AmeriCares has awarded $200,000 in grants to help elderly, disabled and low-income New Jersey residents recover from Superstorm Sandy.

As these vulnerable populations continue to repair and rebuild damaged homes along the Jersey Shore, AmeriCares is providing funding for mental health counseling as well as case management to connect survivors with available resources, including financial support and mental health services.

"Some Sandy survivors, particularly those with compromised health, need guidance and support as they confront difficult decisions that may affect their financial and emotional health," said Rachel Granger, AmeriCares vice president of post emergency response. "With AmeriCares support, local organizations assisting the long-term recovery will have additional staffing to meet survivors' needs in the months ahead."

In Ocean County, Caregivers of New Jersey has been awarded a $137,000 grant to provide disaster case management for the elderly and disabled. Two disaster case managers will work with as many as 45 clients to create comprehensive recovery plans and actions steps, while linking individuals with community resources. Trenton-based Caregivers of New Jersey has been actively involved in Sandy recovery efforts, serving on FEMA Disability Response Teams and Long Term Recovery Groups, as well as reaching out to more than 400 disabled individuals during Sandy to ensure that their medical needs were being met.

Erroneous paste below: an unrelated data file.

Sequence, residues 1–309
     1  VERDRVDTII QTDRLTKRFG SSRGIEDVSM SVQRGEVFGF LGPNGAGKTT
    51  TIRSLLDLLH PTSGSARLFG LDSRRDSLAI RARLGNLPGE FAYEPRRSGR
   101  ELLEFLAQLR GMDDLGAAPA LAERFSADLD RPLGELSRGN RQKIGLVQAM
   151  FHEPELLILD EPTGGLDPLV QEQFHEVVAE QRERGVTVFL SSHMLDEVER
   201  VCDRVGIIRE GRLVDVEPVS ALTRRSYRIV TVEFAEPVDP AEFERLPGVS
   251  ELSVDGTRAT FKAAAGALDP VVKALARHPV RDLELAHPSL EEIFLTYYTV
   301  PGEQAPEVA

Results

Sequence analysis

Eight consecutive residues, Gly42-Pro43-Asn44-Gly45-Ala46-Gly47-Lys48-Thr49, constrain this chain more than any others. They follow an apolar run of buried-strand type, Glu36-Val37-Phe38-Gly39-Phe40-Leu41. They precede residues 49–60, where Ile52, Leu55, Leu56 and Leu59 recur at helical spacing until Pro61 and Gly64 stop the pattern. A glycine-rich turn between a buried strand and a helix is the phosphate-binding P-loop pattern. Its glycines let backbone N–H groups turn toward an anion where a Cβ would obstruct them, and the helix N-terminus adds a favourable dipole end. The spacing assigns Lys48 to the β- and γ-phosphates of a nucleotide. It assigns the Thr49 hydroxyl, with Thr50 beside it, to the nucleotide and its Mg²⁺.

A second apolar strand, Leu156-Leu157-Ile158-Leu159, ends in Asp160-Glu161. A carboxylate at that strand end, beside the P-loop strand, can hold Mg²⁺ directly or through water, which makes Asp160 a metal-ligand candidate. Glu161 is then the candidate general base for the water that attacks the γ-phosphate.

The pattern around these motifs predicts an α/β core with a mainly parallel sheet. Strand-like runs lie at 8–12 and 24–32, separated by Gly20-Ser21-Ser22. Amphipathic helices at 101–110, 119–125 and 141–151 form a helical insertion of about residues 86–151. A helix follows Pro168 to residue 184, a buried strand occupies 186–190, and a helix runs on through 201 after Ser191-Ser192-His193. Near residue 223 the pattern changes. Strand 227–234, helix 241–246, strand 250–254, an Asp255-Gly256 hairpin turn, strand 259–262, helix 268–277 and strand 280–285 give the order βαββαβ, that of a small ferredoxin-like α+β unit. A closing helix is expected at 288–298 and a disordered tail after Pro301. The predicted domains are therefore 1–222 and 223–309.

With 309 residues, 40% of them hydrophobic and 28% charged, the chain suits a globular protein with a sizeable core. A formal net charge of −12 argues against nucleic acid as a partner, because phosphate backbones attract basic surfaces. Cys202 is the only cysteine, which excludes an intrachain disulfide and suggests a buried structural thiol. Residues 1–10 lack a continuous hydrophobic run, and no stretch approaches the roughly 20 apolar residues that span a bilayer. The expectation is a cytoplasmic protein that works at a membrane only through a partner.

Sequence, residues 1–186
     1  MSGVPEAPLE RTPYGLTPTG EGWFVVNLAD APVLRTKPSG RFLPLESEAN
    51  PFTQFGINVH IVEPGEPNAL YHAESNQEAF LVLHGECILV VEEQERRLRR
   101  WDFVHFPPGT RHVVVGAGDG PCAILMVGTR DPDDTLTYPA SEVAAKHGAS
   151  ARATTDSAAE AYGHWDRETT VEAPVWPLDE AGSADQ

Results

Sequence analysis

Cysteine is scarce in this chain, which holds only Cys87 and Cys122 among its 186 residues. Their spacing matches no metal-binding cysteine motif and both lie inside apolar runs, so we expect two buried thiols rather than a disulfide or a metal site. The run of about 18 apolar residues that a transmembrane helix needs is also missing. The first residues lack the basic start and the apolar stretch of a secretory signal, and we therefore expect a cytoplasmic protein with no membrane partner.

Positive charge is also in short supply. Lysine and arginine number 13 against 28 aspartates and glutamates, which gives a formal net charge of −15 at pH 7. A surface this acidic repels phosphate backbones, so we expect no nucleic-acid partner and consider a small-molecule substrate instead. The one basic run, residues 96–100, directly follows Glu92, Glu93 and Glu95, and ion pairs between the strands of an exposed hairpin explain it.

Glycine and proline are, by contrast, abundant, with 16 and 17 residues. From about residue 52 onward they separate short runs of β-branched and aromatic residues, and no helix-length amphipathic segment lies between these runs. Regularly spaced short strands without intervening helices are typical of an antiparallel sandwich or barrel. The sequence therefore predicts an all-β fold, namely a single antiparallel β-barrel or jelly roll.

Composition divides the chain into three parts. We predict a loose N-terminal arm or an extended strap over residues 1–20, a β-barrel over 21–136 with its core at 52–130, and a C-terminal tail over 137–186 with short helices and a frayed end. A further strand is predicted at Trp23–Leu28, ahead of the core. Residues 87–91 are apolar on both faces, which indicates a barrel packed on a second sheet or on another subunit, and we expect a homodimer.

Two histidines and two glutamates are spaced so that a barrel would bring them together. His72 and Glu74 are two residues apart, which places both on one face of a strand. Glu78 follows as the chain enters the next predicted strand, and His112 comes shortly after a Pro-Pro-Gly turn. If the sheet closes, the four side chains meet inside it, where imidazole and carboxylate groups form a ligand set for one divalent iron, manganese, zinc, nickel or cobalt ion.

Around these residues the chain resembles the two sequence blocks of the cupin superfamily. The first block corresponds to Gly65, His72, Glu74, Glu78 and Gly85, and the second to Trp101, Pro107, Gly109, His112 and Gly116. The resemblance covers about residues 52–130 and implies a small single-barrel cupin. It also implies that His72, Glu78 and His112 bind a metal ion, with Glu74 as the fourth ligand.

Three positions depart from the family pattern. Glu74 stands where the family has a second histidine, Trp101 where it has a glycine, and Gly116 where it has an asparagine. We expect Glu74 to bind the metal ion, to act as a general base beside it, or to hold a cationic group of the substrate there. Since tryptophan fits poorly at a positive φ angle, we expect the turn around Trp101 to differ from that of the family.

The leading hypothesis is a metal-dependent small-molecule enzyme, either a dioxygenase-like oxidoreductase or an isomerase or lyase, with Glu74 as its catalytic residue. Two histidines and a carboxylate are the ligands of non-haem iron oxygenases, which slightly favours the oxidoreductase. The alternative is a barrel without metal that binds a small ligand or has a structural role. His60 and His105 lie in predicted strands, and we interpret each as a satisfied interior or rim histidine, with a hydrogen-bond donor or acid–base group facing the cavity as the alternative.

More Information

Fact box

"Our goal is to make sure people with disabilities and seniors' voices are being heard, and that their needs are being met during their recovery," said Eileen Coyne, director of disaster case management for Caregivers of New Jersey.

Catholic Charities of the Diocese of Camden has been awarded $71,000 to fund a bilingual mental health counselor for low-income, Spanish-speaking residents in Atlantic City and Rio Grande. Services will be provided to over 40 individuals impacted by Sandy, in addition to providing assessments of 50 survivors. Catholic Charities is a faith-based agency that provides rental, utility and food assistance as well as counseling and other services for low-income residents in six southern New Jersey counties.

"We are grateful that AmeriCares recognizes the long-term emotional stress which so many people in New Jersey have undergone since Sandy first struck," said Kevin Hickey, executive director of Catholic Charities, Diocese of Camden. "The physical destruction, economic displacement, along with the complexities of the recovery, can have profound emotional effects on Sandy victims. This grant recognizes that people need support to repair not only their homes but their emotional equilibrium."